a. Not every GT grad outperforms every other grad. Most do though and that’s why we’re in high demand.
    b. Not every 5* athlete outplays every 3* athlete, but most do though that’s why 5*’s are in higher demand than 3*’s
    c. Not every hardest working person is successful more than the lazy bastard on the corner. Most of the time it’s the case and that’s why we try to hire hard working people.
    d. The honest and ethical person doesn’t always win. The criminal sometimes ends up being the richest.
    e. Occasionally an ugly, fat man gets the hot chick but usually that’s not the case.

    The smartest guy, the most talented, etc isn’t always the best. I understand there’s intangibles that make someone’s experiences or the road they traveled better than the competition. There’s plenty of life’s examples, however, if you want equal opportunity you have a standard scale and the person that performs best against that standard should be the winner. Takes the bias out of the system. Those people that have to take the hard road will figure out a way to win if the game’s not rigged like it is right now.

    We can’t eliminate every aspect of unfairness from everyone’s life, ie parents pass away at an early age, sickness, etc but we can make the test and the grading criteria fair, known and understandable to all and you get your shot.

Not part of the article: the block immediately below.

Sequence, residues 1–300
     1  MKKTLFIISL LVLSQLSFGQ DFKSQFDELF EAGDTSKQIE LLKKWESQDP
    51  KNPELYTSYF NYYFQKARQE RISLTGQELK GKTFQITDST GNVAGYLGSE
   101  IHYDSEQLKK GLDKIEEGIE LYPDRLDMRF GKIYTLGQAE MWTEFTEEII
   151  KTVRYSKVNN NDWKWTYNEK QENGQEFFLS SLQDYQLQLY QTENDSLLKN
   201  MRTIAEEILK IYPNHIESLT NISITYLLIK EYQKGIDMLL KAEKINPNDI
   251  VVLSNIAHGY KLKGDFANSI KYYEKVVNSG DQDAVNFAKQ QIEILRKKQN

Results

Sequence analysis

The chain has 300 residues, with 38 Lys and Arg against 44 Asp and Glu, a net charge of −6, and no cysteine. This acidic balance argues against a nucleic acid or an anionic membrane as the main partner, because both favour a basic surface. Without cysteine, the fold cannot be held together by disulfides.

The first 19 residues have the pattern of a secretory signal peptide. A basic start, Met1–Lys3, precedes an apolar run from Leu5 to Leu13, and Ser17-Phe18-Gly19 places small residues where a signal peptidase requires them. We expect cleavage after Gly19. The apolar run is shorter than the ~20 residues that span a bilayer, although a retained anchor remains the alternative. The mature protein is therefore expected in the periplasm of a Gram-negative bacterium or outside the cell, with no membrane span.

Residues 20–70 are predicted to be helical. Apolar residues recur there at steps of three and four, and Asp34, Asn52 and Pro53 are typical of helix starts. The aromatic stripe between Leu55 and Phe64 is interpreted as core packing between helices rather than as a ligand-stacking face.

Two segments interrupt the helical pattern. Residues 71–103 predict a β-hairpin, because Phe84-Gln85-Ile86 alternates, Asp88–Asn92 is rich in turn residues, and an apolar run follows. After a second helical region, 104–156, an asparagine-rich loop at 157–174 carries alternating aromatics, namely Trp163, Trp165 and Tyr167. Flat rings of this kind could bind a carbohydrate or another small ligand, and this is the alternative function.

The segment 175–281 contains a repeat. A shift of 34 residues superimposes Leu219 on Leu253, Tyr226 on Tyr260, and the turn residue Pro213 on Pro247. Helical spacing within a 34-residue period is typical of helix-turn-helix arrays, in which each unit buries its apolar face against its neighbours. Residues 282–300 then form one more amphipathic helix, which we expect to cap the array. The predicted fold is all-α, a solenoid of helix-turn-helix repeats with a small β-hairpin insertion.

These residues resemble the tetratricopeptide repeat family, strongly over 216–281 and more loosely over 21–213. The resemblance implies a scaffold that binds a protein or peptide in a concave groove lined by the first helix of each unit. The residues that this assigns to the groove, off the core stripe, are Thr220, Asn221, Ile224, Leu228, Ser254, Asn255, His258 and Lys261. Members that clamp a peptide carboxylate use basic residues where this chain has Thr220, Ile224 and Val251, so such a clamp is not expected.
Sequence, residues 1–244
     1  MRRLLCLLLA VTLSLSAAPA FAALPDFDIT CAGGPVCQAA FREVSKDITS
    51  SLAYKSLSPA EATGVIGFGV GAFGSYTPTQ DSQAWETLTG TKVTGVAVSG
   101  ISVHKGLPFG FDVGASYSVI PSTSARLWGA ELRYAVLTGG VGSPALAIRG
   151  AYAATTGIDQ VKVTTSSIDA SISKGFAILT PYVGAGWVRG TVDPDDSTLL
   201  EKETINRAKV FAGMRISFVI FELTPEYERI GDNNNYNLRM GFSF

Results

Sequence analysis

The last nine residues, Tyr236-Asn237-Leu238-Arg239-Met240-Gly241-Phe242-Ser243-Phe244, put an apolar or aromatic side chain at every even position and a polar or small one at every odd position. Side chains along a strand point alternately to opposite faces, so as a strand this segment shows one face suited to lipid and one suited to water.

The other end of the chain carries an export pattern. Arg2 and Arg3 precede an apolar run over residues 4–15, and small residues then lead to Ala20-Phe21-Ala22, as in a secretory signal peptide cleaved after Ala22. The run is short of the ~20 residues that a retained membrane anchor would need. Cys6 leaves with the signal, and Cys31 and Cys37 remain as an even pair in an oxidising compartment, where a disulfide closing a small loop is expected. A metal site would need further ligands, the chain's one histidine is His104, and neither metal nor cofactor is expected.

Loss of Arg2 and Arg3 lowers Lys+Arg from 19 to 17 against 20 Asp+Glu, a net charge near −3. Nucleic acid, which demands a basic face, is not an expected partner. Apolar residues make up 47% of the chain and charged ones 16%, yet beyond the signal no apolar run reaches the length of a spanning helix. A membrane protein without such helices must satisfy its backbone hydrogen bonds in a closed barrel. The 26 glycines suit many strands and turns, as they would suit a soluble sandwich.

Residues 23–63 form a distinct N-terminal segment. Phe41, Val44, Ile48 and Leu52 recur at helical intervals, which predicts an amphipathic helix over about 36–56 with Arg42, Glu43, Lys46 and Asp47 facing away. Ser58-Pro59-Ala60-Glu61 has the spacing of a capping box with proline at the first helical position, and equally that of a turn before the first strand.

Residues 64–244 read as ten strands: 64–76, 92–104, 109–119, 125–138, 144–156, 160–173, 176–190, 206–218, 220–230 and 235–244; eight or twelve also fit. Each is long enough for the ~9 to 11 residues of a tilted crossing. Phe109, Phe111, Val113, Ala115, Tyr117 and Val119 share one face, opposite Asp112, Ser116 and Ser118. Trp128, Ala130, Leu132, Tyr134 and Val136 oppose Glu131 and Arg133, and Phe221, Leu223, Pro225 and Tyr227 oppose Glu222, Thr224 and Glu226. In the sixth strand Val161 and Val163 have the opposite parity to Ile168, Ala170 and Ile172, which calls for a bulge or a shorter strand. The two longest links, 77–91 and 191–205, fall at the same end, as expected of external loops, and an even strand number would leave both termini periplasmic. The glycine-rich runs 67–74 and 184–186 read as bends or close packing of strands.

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  7. forensicbuzz

    forensicbuzz Helluva Engineer

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    Therein lies the problem with the current standardized tests, they are inherently biased. There is research (which I'm not going to dig out for anyone) that shows that SAT/ACT tests are inherently biased and are not a good indicator of someone who will be successful in college. I'm not saying GPA is a good indicator either because different schools, teachers, programs, class levels, etc.
     
  8. Jim Prather

    Jim Prather Helluva Engineer

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    Actually, the results show that, when all the students have to take the same curriculum (i.e. at a service academy), then standardized tests are an excellent predictor of academic success. In situations where students are are choosing different academic paths, then the standardized tests are no longer predictive because you are no longer comparing apples to apples.
     
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  9. yeti92

    yeti92 Helluva Engineer

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    Inherently biased towards who? Those who are more educated?
     
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  10. gtg391z

    gtg391z Helluva Engineer

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    Right?! Makes no sense. People who say this are trying to make excuses for poor test scores.
     
  11. orientalnc

    orientalnc Helluva Engineer